Step 6

STEP 6: Add a twisted copper wire tail to the flower bud stem. Metal and polymer don’t stick together permanently without some kind of mechanical connection (or adhesive, of course). I find it’s best to embed the metal into the polymer with a twisted wire tail so that the polymer can lock the wire in place after it cures. So take some copper wire, wrap it around the wire-wrapped part of the flower bud stem and start twisting. (No, not you, the wire!) When the twisted wire tail is about ½” (1.3 cm) long, trim the excess wire with cutters [14].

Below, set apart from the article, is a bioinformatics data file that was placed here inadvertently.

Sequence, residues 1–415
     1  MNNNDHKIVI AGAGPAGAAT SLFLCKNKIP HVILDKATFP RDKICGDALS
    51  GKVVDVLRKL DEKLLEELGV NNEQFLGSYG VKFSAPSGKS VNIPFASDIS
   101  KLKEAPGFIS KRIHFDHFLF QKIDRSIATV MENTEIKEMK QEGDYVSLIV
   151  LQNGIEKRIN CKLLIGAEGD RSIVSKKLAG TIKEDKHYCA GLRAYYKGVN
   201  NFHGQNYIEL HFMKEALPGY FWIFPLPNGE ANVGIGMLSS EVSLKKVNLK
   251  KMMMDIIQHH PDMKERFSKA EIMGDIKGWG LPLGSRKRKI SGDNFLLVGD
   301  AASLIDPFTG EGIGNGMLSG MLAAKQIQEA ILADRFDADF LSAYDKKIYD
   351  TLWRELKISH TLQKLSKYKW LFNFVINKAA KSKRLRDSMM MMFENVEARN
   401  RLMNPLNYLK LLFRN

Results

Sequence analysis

Step 7

STEP 7: Attach the polymer leaf to the copper wire stem. Take a little wad of conditioned green clay, wrap it around the twisted wire tail and squeeze it so the twisted wire is embedded firmly in the clay. Then press the clay-wrapped wire tail so it lays flat against the wire stem [15]. Lay the flower bud and stem diagonally across the polymer leaf so that most of the bud extends past the tip of the leaf and the clay-wrapped wire tail is against the leaf. Press the clay wrapped leaf firmly against the leaf with your thumb to connect them [16]. Use a clay tool to gently smooth the edges of the clay covering the wire tail into the surrounding clay so that it integrates seamlessly into the face of the leaf. (I used one of my favorite tools – the “Wow, It’s Awesome” tool. It’s just as awesome with metal clay as with polymer clay.) Fold one edge of the leaf gently over the wire stem to give it a more natural appearance [17].

Step 8